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S. Sudanese refugees receive cholera vaccine in Ethiopia

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By Tesfa-Alem Tekle

September 10, 2015 (ADDIS ABABA) – Hundreds of South Sudanese refugees in Ethiopia are currently being vaccinated against cholera to prevent the outbreak of the disease.

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Ethiopia has witnessed a huge influx of South Sudanese refugees since conflict erupted in the young nation in December 2013 (AFP)

The United Nations Refugee Agency (UNHCR) said the immunization campaign is being provided in all South Sudanese refugee camps in Gambela, a region located within the Ethiopia-South Sudan border.

The campaign, officials said, will prevent cholera from spreading across South Sudan’s border with neighbouring Ethiopia where thousands of South Sudanese refugees are currently being sheltered.

The UN refugee agency in collaboration with its health partners, like Médecins Sans Frontières reportedly conducted mass immunisation campaign for the first time to over 180,000 South Sudanese refugee in June when a cholera epidemic was declared in Gambela region.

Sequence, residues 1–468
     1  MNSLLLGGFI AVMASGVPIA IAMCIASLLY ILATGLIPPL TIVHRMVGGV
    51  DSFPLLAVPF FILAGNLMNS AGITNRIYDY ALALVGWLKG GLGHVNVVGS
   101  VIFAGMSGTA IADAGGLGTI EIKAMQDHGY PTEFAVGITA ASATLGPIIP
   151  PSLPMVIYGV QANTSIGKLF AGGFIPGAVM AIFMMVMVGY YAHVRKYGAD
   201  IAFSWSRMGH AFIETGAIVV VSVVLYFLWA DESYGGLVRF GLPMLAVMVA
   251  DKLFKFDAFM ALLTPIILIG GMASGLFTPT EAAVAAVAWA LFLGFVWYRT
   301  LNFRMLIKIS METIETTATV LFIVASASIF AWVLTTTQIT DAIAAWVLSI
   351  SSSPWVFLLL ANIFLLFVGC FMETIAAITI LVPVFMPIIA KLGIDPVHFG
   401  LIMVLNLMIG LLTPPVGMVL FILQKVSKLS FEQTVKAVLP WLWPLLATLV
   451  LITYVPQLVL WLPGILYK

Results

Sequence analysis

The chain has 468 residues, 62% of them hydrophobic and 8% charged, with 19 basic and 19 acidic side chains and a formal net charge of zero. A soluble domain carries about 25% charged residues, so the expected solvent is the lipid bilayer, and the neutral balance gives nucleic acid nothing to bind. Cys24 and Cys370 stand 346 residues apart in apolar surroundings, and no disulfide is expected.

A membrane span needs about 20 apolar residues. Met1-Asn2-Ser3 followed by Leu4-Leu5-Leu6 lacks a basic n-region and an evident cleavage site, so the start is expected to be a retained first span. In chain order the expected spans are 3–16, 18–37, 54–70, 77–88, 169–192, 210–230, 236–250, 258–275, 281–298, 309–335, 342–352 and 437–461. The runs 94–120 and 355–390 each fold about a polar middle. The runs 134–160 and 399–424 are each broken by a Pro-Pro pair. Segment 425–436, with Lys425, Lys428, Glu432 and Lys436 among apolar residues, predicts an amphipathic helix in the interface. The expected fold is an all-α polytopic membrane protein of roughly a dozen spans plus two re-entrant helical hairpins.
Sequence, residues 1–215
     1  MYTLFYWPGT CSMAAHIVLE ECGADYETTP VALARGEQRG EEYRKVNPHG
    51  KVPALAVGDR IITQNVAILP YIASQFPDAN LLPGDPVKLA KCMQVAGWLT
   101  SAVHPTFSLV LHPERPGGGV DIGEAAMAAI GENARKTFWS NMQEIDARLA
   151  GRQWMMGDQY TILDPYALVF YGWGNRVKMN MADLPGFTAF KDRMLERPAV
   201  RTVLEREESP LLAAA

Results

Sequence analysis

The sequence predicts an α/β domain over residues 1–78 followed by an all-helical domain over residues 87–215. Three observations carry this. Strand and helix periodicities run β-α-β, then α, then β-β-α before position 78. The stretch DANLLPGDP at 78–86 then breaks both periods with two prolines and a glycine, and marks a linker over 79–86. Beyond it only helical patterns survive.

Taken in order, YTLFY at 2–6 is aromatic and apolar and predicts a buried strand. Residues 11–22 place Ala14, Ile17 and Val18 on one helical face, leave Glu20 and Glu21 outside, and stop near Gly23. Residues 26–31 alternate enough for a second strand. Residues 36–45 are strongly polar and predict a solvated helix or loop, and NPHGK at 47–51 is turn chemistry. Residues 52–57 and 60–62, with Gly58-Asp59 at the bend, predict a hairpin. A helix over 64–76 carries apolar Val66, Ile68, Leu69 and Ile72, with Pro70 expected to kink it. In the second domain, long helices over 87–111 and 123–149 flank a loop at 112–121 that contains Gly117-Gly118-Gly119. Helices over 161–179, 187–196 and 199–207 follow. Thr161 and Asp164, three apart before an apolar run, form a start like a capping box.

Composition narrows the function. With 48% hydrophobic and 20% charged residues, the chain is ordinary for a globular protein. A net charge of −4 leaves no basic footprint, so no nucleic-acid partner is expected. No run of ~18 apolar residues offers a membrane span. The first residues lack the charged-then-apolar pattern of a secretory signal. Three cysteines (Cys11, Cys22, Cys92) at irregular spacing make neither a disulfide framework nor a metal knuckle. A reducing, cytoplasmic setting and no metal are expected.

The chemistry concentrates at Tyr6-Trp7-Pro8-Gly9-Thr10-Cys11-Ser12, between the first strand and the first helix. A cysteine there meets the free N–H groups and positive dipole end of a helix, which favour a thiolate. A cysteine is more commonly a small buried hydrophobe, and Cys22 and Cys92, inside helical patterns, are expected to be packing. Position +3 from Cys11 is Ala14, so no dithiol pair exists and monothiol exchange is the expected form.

As cholera continues to affect conflict-hit South Sudan, awareness campaigns on acute watery diarrhea and cholera are reportedly continuing to be implemented in all refugee camps in the region.

Officials say the vaccine against cholera, which is more than 60% effective, is taken orally and is said to be easier to administer.

An effective coordination environment is also established in response to the Level 3 emergency with refugees arriving from South Sudan. Also developed is a regional refugee response plan with the participation of all partners.

In addition to the vaccination campaign, water and sanitation partners in Gambella and Assosa towns reportedly scaled up sanitation and hygiene awareness activities in 10 camps to minimise risk exposures to opportunistic ailments as the rainy season approaches.

UNHCR has also signed an agreement with one of its local partners such as AHADA, to erect some 600 solar street lights to light the various South Sudanese refugee camps in the Gambella region.

As a party to both the 1951 Convention on Refugees, and its 1967 Protocol and the 1969 OAU Convention, the Ethiopian government maintains open borders for refugees seeking protection in the country.

The Horn of African nation currently hosts nearly 730,000 refugees from over 18 countries, with the majority originating from South Sudan, Somalia, Eritrea and Sudan.

(ST)

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